A Chant of hate towards England

(notes edited by John Radcliffe)


This “Humn of Hate” was composed shortly after war broke out in 1914, and in a few months was translated and published in the United States (then a neutral nation). The New York Times admired Lissauer’s technical skill, but described the poem as “simply abominable,” and “a brutal and wicked production.”* In Germany, not surprisingly, the poem was an immediate success. The Kaiser honored Lissauer, and the Crown Prince of Bavaria ordered that the poem be printed and distributed to his troops.

The poem

G C Aronsfeld write in History Today

One of history’s little ironies – a period piece of First World War propaganda from a curious source which rebounded on its author. Ernst Lissauer is barely remembered. Most of his poems (and other literary works) are now forgotten (even, perhaps particularly, in Germany), but one strill strikes a distant chord: mention the name and there is an almost automatic reflex reaction – that ‘Hymn of Hate against England’:

This became his trademark, the ‘Hymn’ that made him famous (or notorious), and no regret, disclaimer or remorse could ‘cancel half a line, or all the tears wash out a word of it’. [History Today Volume 37 Issue 7 July 1987)]

Kipling and the poem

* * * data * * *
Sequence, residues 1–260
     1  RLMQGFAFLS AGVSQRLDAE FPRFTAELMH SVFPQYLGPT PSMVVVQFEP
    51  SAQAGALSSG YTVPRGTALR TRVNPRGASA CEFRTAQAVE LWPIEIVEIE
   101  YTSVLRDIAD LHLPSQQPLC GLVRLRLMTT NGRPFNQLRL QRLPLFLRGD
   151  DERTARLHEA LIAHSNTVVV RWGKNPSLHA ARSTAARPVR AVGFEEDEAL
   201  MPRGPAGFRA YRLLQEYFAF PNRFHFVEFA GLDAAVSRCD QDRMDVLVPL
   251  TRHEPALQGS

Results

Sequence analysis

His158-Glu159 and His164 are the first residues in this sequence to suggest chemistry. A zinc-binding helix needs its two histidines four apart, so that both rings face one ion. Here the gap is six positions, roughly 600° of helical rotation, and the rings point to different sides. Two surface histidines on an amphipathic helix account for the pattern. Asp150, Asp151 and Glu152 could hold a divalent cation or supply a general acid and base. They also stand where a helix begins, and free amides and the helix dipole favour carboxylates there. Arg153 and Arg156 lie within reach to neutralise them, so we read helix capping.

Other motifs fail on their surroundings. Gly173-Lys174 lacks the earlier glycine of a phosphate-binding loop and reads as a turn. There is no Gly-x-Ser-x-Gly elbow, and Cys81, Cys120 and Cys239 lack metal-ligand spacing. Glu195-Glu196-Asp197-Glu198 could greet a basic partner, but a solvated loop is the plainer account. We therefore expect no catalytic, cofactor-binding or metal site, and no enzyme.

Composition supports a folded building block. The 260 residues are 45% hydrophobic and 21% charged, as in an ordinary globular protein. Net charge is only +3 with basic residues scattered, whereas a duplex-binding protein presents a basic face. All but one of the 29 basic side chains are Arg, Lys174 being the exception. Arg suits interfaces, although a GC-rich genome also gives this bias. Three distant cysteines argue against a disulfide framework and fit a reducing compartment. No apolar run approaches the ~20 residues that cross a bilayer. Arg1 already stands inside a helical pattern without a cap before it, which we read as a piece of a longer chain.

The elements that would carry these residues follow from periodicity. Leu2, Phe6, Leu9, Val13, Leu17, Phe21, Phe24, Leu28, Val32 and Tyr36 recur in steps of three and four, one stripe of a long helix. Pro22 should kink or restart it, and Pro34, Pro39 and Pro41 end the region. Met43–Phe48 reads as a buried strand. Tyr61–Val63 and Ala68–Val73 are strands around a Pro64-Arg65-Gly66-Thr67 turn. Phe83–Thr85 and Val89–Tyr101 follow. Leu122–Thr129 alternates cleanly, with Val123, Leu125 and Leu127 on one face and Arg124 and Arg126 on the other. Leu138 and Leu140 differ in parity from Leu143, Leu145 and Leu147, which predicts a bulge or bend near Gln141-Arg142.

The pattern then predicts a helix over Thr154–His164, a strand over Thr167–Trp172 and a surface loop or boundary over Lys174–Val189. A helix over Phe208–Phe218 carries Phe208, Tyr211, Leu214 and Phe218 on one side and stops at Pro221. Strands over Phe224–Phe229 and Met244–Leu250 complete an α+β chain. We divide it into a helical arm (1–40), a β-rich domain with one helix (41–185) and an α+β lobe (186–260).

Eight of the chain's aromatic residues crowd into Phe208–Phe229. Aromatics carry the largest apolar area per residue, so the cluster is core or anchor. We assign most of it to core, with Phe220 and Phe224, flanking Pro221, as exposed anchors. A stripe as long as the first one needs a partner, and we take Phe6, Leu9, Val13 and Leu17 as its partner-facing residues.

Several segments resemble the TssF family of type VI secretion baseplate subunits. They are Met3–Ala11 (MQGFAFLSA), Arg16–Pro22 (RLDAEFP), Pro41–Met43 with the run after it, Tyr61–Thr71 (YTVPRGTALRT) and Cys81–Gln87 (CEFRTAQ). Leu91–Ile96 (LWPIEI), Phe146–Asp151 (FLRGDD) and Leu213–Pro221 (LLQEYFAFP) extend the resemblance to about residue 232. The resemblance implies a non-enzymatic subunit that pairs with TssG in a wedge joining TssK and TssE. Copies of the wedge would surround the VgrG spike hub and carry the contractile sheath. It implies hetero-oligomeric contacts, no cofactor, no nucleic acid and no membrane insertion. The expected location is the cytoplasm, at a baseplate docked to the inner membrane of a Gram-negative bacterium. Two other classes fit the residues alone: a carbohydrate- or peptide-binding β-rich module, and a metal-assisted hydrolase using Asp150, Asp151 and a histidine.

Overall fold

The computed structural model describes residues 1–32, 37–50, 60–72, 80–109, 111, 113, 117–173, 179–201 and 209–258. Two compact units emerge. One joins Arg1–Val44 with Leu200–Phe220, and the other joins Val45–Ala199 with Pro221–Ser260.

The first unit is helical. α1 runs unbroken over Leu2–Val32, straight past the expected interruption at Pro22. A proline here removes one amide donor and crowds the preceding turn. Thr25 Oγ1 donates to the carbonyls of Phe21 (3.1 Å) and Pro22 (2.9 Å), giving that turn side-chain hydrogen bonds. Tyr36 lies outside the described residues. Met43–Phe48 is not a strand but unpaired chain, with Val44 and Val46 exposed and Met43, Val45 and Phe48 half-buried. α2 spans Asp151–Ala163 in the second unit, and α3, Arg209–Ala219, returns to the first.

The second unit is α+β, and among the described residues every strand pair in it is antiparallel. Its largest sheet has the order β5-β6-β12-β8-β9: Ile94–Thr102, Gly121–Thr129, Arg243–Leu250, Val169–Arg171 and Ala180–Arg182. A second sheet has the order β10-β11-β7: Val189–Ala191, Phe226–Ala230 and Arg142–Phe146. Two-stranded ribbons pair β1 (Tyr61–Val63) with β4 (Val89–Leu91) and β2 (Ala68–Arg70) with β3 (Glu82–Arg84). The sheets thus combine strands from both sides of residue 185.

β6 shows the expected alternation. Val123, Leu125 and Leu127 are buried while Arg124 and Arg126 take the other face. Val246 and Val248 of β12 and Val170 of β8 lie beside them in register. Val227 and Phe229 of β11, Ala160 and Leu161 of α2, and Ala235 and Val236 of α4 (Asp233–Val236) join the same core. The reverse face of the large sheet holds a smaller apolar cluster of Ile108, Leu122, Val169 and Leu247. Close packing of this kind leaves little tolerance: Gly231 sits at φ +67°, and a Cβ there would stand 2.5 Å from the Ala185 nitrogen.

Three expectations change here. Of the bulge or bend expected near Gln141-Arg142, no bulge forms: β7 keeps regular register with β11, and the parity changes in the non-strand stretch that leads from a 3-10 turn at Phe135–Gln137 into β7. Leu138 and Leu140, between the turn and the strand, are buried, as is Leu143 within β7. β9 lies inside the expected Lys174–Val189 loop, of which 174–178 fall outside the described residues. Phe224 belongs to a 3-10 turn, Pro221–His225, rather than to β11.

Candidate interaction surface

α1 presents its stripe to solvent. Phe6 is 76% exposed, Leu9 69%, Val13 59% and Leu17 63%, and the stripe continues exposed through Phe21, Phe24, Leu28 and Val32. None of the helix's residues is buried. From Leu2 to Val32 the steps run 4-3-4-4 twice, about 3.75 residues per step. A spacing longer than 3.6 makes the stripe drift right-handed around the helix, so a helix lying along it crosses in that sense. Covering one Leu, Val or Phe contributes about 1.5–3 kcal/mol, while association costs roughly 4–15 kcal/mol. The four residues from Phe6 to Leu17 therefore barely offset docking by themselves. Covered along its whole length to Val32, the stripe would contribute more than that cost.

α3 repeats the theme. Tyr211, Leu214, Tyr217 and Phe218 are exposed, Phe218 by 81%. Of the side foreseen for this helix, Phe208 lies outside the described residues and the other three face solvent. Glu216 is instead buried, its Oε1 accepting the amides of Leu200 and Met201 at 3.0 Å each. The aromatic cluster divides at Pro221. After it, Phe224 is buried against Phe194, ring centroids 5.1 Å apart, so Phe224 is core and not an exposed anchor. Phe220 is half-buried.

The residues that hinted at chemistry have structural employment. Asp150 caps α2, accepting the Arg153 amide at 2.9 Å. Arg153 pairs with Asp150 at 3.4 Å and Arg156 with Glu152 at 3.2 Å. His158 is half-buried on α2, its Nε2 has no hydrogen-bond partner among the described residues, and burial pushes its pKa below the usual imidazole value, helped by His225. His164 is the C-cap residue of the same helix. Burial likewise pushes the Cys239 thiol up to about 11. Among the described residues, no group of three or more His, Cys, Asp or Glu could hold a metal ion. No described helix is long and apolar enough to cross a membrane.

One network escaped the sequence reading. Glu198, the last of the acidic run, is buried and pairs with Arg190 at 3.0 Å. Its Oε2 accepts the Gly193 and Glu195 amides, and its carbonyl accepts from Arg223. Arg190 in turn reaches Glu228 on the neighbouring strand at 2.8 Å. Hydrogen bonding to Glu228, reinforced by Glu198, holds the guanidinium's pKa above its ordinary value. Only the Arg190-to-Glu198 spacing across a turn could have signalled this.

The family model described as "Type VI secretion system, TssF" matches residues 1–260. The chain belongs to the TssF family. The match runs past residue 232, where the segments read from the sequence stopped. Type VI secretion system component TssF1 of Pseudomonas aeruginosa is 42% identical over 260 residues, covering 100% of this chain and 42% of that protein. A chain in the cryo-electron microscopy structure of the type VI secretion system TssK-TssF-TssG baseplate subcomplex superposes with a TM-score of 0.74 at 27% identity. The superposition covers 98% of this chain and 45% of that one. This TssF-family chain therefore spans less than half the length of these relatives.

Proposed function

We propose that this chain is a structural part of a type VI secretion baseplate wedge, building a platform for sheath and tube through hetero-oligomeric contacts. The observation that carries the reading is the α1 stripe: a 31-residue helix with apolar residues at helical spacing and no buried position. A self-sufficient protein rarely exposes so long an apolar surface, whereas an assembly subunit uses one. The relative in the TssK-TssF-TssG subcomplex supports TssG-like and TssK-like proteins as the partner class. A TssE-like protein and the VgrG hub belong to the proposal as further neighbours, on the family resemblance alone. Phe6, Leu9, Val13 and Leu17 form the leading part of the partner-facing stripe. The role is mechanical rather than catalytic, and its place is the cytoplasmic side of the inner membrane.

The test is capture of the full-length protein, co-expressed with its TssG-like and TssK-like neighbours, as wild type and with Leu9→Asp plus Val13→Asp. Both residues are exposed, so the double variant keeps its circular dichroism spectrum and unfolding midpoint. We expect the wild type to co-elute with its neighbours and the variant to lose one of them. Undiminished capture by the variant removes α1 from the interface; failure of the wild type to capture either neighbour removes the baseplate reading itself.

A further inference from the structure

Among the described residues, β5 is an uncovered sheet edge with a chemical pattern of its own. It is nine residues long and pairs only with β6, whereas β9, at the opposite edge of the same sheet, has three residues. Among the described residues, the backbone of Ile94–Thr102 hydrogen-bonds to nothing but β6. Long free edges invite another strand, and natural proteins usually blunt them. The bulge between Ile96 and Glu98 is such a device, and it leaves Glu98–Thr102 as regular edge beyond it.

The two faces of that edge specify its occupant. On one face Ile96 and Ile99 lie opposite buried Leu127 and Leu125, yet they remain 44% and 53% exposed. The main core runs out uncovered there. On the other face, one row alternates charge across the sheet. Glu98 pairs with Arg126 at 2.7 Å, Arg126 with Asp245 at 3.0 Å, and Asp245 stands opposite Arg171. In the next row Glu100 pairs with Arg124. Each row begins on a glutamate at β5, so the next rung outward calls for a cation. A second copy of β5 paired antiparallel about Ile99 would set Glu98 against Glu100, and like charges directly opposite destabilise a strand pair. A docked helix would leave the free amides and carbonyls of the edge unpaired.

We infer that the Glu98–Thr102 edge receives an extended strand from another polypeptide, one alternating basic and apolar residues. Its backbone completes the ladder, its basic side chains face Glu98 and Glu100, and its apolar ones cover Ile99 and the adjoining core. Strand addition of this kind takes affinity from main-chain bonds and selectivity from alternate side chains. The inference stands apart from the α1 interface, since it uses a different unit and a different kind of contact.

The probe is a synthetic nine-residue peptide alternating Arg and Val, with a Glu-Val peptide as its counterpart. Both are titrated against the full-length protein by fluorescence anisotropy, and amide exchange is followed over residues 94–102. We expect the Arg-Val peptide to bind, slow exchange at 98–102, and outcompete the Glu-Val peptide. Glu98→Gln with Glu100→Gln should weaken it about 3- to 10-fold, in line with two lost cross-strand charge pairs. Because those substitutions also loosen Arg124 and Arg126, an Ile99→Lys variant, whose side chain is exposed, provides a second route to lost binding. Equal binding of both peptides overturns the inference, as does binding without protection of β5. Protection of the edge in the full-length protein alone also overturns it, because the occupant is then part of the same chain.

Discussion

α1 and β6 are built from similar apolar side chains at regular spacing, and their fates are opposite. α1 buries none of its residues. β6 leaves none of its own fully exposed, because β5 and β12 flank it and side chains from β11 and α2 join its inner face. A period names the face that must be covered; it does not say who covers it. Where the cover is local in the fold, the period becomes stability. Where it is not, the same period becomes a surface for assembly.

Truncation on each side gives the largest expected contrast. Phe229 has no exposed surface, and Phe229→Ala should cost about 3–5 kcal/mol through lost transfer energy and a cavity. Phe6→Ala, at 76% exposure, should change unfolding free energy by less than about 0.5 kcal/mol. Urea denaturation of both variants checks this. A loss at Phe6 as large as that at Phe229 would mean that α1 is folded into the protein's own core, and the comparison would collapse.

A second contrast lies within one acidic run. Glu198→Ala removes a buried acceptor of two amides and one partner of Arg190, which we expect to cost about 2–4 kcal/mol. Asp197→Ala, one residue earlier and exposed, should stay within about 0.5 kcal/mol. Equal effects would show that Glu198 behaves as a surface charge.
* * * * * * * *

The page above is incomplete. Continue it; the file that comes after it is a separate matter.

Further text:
Harry Ricketts writes in KJ 369:

I recently came across this poem thanks to an MA thesis by Roger Smith, a post-graduate student in the German programme at Victoria University of Wellington, New Zealand … His thesis is entitled: ‘Give ’Em a Few Bars of the Hymn of Hate’: The German and English-Language Reception of Ernst Lissauer’s ‘Haßgesang gegen England’. During his thesis, Smith suggests, very plausibly, that Kipling’s poem ‘The Beginnings’, the poem, following ‘Mary Postgate’ in A Diversity of Creatures (1917), was one of many contemporary reactions to Lissauer’s poem and begins:

It was not part of their blood,
It came to them very late
With long arrears to make good,
When the English began to hate.8

Smith is clearly right. Kipling’s refrain (‘When the English began to hate’) seems too direct an echo for coincidence. I did briefly wonder whether Lissauer’s poem might itself be a reaction to Kipling’s own much-publicised poem ‘For All We Have and Are’, but ‘The Hymn of Hate’ first appeared in August 1914, a few weeks before Kipling’s poem in The Times on 2 September. Valuable as Smith’s recovery of this particular action and reaction is, it is clear from his surrounding commentary that his knowledge of Kipling’s poems written during the First World War is narrow. The Kipling he recycles is merely the belli- cose recruiting-officer version, unmodified and uncomplicated by the Kipling of ‘My Boy Jack’, ‘Gethsemane’, ‘The Nativity’ and ‘Epitaphs of the War’.